Skip to content
Join our Newsletter
Join our Newsletter

Idaho's Trailing of the Sheep Festival

Celebrating a vanishing profession
Herding of the Sheep. photo by Karin Leperi

It used to be that sheep outnumbered people in the state of Idaho. Back in 1920, a period of concentrated immigration by the sheep-herding Basque, there were almost 2.5 million sheep and lambs in the state with about 431,866 people living in Idaho. Fast forward to the year 2019 and the numbers are now reversed—about 255,000 sheep and lambs contrasted against a census population of 1.79 million people.

That trend is what prompted the people of Idaho more than 25 years ago to celebrate the tradition of moving sheep (trailing) from high-mountain, summer pastures down to winter-grazing pastures at lower elevations. Before the "old" ways and traditions were lost.

Basque dancers in Main Street Parade. photo by Karin Leperi

Trailing of the Sheep Festival

As Idaho's premiere cultural event of the year, it's the sheep and sheepherders that are the stars, and the venue is in the mountain resort area of Sun Valley and the nearby towns of Ketchum and Hailey in central Idaho. This year the dates for the many cultural and culinary events are from Oct. 9 to 13.

Nowadays, the Trailing of the Sheep Festival celebrates everything about sheep and the people, arts, cultures and traditions of sheep ranching in Idaho and the West. But it's really more than honouring sheep ranching in the West as today most sheepherders are immigrants on temporary agricultural visas, coming to the U.S. for three-year stints from Peru, Chile, Bolivia and Mexico. So, the festival has become an international celebration of cultures, dance, and food as well.

Nonstop activities happen over the span of a five-day festival. From history, lectures, movies, folk and traditional art to music, dancing, storytelling, culinary and championship sheepdog trials, there's something for everyone.

It all leads up to the Big Sheep Parade down the Main Street of Ketchum, with 1,500-plus sheep herded down asphalt with both sides of the street brimming with sheep-admirers. Be sure to bundle up, however, since autumn mornings in the Idaho mountains can be quite brisk.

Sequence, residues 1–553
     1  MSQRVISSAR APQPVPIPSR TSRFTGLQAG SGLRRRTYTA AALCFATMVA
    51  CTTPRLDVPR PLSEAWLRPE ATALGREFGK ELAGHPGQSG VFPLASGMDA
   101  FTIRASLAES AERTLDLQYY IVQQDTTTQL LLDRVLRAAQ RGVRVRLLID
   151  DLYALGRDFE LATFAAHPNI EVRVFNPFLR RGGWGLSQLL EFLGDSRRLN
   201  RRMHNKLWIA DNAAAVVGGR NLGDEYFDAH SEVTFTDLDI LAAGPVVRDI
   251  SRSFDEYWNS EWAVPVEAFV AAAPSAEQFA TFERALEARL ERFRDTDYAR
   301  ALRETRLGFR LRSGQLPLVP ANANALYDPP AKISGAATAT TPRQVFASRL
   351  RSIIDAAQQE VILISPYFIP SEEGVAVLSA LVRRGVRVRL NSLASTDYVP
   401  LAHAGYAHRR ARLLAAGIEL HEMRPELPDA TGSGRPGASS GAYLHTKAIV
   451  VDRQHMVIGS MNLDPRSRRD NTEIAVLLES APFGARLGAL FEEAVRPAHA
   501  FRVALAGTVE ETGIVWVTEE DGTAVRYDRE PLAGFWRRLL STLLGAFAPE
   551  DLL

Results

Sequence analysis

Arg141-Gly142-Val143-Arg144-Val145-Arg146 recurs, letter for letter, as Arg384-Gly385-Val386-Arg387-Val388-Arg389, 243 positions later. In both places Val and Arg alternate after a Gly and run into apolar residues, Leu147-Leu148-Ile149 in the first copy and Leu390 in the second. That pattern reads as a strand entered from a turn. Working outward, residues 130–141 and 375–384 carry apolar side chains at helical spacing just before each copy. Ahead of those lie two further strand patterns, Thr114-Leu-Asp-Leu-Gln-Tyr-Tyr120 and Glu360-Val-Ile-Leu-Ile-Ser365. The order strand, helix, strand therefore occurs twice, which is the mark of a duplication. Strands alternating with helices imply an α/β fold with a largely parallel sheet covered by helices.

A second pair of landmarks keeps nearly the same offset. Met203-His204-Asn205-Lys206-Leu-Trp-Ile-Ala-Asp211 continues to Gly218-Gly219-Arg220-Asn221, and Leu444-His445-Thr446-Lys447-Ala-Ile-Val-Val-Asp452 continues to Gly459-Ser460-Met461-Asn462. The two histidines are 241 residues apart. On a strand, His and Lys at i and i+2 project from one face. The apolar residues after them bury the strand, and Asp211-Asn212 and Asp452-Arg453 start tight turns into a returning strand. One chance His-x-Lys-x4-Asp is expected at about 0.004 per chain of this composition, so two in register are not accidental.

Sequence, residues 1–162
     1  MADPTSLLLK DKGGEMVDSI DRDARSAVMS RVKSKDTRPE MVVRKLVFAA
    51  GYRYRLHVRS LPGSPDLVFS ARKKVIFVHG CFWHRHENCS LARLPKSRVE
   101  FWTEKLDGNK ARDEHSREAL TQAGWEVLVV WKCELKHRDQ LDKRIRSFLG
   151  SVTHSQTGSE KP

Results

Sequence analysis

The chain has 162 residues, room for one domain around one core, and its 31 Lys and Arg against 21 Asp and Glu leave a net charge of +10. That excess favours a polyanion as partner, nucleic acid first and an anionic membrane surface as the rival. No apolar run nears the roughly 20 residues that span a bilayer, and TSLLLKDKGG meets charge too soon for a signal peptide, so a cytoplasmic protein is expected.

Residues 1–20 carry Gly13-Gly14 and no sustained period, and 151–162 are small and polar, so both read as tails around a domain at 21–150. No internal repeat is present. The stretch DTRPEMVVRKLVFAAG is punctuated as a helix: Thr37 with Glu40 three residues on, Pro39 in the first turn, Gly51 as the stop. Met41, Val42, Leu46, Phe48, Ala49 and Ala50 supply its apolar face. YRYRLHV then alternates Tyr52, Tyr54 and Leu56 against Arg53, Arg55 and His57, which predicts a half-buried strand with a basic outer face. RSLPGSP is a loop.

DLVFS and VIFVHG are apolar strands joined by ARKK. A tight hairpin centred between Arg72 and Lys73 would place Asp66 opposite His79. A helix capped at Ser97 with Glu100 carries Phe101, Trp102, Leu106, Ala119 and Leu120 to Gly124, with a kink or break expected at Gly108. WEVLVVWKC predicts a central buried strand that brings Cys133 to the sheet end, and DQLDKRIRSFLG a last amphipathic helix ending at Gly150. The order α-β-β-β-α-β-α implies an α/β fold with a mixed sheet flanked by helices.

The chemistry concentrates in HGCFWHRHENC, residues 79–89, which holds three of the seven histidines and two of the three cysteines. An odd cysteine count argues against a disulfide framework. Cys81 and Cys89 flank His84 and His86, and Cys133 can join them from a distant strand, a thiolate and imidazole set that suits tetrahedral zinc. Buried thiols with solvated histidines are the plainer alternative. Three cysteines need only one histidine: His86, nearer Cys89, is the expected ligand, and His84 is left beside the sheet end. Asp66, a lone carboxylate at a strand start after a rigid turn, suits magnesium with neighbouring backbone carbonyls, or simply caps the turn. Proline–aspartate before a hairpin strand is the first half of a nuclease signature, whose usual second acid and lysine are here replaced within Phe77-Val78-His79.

Lamb dancers from the Black Sheep Dancers of Nevada. photo by Karin Leperi

Fan favourites

Fan favourites always include the Basque dancers at the Sheep Folklife Fair. (The Basque were some of the original sheepherders in Idaho.) A new addition appeared last year with the debut of the Black Sheep Dancers of Nevada and easily became one of my favourites. More formally known as the Ruby Mountain Ardi Baltza Basque Dancers, they range in age from three years-old and up and are adorably outfitted in lamb (younger dancers) and black sheep (older dancers) outfits that are creatively interpretive and just plain fun. Their choreography is largely inspired by Celtic lore with an affinity with nature.

Rounding out cultural dancing at the Folklife Fair are dance troops featuring the Basque, Scottish, Polish and Peruvian dancers and musicians.

Another very popular event is the championship sheepdog trials where 70 talented border collies compete and display their leadership and herding abilities with sheep.

This is also the opportunity to try all things with lamb, as many culinary events showcase lamb dishes, cooking with lamb, and farm-to-table dinners. You just might be surprised at the flavourful dishes. Be sure to look for the sheep cheese on sale at the Sheep Folklife Fair. Complimentary tastings are offered.

If offered, be sure to take advantage of the short hikes that show off some of the arborglyphs carved into trees by lonely sheepherders. The art is temporal as the threat of wildfires, vandalism and decay take their toll on this unique art form. See it while you can.

Sheepherder wagon. photo by Karin Leperi

A vanishing profession

While it used to be that many sheep herds flocked on public Bureau of Land Management lands in the United States in the 1900s, regulations are now more restrictive, public access is disappearing in many places, and there are increasing restrictions on public grazing. Plus, the life of a sheepherder has always been known as arduous and lonely. (Today, cell phones take off some of the edge of isolation, but the loneliness is still a reality that many are not equipped emotionally to deal with.) As a result, the sheepherder profession is a shrinking industry that increasingly reaches internationally to staff its ranks. But even those numbers are declining.

The Trailing of the Sheep Festival is a celebration that honours those heroes and the sacrifices they make in continuing the sheepherding tradition. It may be a vanishing profession, but one with a colourful mixture of culture, traditions, and stories that should continue to be told.

Championship Sheepdog Trials. photo by Karin Leperi

For more information:

Trailing of the Sheep Festival
October 9-13, 2019